Monday, May 16, 2011

Comprehensible Babble

Twitter is a wonderful invention. Without it, I would never have known that one of my favorite authors, Chris Bohjalian, was speaking at the Concord Public Library last night and I would have missed out on a great talk and delicious gingersnap cookies. For those of you who may not know, Chris has written wonderful books such as “Midwives”, “Skeletons at the Feast”, and “The Law of Similars”, just to name a few. I strongly recommend reading his books; he draws on ethical dilemmas and raises questions that most people don’t even think to ask.

The Concord Public Library is a beautiful building and we heard Chris speak under the watchful eyes of Ralph Waldo Emerson, Louisa May Alcott, and Ebenezer something-or-other, a name I didn’t recognize. (My sister exclaimed, “Oh, Ebenezer is a real name! I thought Dickens made it up.” It does sound like an odd choice for a name…) Chris’s talk was a good mix of funny and serious, ranging from his travel exploits to his grim research on the death marches of WWII. He kept us rapt throughout the entire thing and we were so interested in what he was saying we were surprised when it was over and he was asking us if we had questions. It took a few seconds for us to get our bearings before the first hand was raised.

What frightened me a bit were the statistics that Chris brought up in the beginning. Readership is down in America and that is depressing. As someone who loves to read, it shocks me that there are those out there who couldn’t care less. I read at least 30 novels a year, and Chris was saying that those who read only 1 novel/year are only about 49-50%. I know that looks high, but when you think about the population of the United States, that’s about 150,000,000 who don’t read. How can we get people interested in reading again? And in reading books that don’t involve vampires? One statistic that made me happy was one that Chris brought up at the end – apparently there are more public libraries in the country than there are McDonald’s. So, let’s find a way to get these 150 million people to visit their libraries!

My sister and I are traveling overseas on Saturday for a week, so it made us a little nervous when Chris talked about his new book that’s coming out on October 4th (my birthday!), “The Night Strangers”. It’s about a plane crash, so Chris brought up his 3 safety rules. You can ask him what they were, but we became a bit apprehensive about crashing when we’re going to be spending 6+ hours on a plane this weekend. But now we know what to do in the case of an emergency!

I was brave enough to raise my hand to ask Chris a question at the end of the talk. Usually I’m more the silent listener type who’s happy to let others ask the questions, but as an aspiring writer in the new millennium, I’m easily distracted by the internet and funny pictures of cats saying funny things. So my question was how to keep from getting distracted and staying focused on the task at hand. His main piece of advice was to keep the internet as a prize for writing. Set a goal, and then once you reach that goal, only then can you go online to laugh at pictures or post on Facebook and Twitter.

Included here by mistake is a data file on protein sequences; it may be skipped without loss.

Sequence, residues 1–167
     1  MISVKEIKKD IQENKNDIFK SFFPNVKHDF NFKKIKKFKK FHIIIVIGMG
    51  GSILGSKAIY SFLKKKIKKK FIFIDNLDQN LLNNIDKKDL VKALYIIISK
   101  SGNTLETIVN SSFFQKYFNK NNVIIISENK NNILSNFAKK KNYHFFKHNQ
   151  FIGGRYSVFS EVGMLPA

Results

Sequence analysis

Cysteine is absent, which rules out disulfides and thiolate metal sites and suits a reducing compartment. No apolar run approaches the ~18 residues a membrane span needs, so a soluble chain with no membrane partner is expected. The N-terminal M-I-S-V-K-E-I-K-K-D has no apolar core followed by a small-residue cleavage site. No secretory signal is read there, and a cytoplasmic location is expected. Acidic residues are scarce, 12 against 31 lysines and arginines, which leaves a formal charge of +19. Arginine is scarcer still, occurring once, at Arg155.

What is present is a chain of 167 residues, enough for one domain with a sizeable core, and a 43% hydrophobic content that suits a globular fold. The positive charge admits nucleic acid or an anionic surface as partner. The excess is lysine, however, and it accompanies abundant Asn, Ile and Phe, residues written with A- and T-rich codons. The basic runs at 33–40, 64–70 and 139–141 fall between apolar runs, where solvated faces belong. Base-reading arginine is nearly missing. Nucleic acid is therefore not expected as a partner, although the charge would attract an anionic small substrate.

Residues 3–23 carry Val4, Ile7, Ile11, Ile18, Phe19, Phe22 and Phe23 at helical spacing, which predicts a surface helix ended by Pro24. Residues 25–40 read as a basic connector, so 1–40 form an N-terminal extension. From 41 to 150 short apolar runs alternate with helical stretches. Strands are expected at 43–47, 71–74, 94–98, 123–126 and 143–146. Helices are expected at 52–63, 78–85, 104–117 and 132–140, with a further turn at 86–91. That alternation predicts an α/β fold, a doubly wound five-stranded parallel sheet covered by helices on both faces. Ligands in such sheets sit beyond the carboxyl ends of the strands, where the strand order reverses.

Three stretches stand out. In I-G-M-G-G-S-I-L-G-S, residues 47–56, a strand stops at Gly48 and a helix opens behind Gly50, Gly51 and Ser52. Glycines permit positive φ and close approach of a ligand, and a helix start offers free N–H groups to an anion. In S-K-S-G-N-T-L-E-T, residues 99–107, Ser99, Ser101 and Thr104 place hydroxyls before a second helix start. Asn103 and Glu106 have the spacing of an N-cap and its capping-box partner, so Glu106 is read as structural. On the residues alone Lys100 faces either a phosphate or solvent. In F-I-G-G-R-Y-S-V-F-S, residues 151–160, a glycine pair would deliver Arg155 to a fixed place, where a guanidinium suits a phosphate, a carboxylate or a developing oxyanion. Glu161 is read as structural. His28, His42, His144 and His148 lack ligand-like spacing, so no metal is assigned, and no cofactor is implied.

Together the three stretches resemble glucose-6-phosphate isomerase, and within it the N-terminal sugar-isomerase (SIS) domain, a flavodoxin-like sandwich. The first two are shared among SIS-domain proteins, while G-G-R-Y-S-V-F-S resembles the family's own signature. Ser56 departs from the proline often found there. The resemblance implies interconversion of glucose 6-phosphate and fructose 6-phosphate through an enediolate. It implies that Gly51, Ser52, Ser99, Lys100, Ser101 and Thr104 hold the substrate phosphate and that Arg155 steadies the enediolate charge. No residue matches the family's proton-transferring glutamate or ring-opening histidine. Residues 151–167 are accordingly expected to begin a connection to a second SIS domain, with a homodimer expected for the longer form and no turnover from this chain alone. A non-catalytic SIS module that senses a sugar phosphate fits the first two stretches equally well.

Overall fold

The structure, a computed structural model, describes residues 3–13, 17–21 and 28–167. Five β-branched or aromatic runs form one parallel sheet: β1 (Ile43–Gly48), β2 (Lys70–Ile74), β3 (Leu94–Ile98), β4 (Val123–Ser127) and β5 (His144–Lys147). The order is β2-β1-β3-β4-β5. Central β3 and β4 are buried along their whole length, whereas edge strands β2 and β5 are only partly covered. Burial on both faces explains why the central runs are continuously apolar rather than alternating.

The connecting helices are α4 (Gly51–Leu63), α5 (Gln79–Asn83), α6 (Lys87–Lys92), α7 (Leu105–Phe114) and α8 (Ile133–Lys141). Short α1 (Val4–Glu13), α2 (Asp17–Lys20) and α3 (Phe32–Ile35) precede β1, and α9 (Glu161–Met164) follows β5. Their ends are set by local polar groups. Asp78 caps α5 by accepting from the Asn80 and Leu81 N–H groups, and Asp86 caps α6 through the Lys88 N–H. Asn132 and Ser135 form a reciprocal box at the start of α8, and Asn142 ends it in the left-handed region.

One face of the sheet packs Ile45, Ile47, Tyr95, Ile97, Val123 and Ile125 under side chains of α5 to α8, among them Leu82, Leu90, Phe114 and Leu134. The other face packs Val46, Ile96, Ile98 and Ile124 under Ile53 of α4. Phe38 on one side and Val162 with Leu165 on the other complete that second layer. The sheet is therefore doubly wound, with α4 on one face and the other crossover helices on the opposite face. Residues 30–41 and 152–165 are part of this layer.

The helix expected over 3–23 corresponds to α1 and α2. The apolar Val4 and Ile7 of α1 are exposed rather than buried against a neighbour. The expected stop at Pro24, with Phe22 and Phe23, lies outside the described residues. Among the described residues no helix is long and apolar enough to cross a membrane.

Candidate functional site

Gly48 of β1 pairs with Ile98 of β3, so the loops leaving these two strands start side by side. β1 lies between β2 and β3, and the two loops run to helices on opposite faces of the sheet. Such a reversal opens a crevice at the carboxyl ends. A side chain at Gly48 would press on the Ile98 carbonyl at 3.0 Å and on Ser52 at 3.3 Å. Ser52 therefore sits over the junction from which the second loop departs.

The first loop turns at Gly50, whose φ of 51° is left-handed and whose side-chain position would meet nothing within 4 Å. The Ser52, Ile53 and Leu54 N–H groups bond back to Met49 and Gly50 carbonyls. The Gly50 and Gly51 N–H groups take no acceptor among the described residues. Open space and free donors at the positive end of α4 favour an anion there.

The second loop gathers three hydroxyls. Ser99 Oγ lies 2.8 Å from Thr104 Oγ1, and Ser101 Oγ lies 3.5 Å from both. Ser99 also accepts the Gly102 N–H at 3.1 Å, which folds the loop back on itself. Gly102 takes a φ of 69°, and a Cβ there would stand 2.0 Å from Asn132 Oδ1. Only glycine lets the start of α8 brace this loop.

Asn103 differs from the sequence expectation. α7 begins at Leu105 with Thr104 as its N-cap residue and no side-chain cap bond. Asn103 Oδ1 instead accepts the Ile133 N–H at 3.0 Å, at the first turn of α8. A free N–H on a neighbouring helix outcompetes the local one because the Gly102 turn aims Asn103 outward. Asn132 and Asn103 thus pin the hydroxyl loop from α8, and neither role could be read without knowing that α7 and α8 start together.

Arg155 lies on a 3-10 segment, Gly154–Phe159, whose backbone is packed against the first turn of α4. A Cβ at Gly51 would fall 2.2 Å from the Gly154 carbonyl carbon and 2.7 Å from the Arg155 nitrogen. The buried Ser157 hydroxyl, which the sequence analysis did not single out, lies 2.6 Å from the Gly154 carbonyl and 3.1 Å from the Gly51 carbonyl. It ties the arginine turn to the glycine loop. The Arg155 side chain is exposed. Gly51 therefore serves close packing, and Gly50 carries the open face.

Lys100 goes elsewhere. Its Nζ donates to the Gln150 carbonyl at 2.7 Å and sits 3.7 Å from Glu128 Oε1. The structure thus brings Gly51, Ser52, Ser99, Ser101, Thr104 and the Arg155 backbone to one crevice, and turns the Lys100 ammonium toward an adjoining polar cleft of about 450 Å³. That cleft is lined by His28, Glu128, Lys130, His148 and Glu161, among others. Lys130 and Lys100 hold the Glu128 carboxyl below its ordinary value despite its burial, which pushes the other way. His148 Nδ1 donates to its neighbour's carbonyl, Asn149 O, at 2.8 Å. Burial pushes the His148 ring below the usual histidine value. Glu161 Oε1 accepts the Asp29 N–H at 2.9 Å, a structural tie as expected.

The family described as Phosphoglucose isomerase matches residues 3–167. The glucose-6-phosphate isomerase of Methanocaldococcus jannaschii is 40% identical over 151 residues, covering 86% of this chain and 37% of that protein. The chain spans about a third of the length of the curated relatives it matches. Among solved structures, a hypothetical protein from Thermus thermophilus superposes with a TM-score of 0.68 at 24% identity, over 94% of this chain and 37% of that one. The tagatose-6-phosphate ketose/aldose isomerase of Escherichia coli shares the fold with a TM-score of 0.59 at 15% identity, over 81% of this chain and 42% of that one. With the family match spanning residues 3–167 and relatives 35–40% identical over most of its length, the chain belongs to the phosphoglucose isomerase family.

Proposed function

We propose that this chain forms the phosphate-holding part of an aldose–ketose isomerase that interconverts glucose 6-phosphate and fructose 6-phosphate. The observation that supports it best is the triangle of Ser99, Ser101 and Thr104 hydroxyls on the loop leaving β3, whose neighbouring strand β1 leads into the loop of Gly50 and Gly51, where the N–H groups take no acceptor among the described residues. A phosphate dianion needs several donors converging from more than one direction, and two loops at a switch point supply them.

Not only is Chris a wonderful speaker, but he’s an all-around nice guy who didn’t mind chatting with my sister and me as she got his autograph in an already-autographed book. (She just happens to buy books that were previously autographed. We’ve actually never met Chris before last night.) I haven’t been to many book signings/author talks, but the few I have been to, the author is quick to get you out of the way for the next person. Not so with Chris. He was perfectly happy to talk about what we do for a living and my aspirations to be an historical fiction novelist. And just an fyi for you Twitter-ers (Tweeters? Twits?) out there, he’s also very good about replying or commenting on the tweets of his fans. You can follow him at @ChrisBohjalian.

So, check him out. He not only tweets, but also blogs at, where you can read his posts as well as find out more information about his books. He has some great advice for writers, too, at I went to his talk last night to hear more about his books, and walked away not only full of tasty treats from the reception, but also with new inspiration. If I ever do become a successful writer, I’ll have Chris to thank for giving me the motivation.


  1. Ugh, I should tweet, because I missed this! Bummer! (I saw this post over on Bohjalian's facebook post which is how I ended up at your blog!) did you see it?

  2. Chris is awesome--and I loved this post! I read usually 2 novels a week; I'm slower on the non-fiction, which I do read some of as well. Chris is a staple for me. Good luck with your writing!

  3. I agree with all your comments. Great author, engaging speaker, and all-around nice guy. If my novel ever makes it into print, he's in the acknowledgments with special thanks for encouragement (they were written long ago). Your blog is terrific - good luck to you.

  4. Bethany, no, I didn't see Chris's Facebook post! I'll have to go check that out!

    Marna and Beth, thanks for the well wishes! Good luck to both of you as well! :)

  5. Not all vampire books are bad! just the teenage angsty ones....ok so most! ;) At least you didn't say my name! :P

  6. Hey! I'm with Emily. What's wrong with vampires?! That's a horrible statistic about non-readers. I can't even fathom that kind of existence. Yucko. Sounds like you had a wonderful time. Thank you for sharing the writing tips, by the way. I shared turned around and shared them with a friend. I'll have to check out this author's books. *hugs to you*

  7. Emily, I didn't say your name, but you just revealed it... ;)

    Ezzy, glad you enjoyed the tips! They resonated with me, too. :)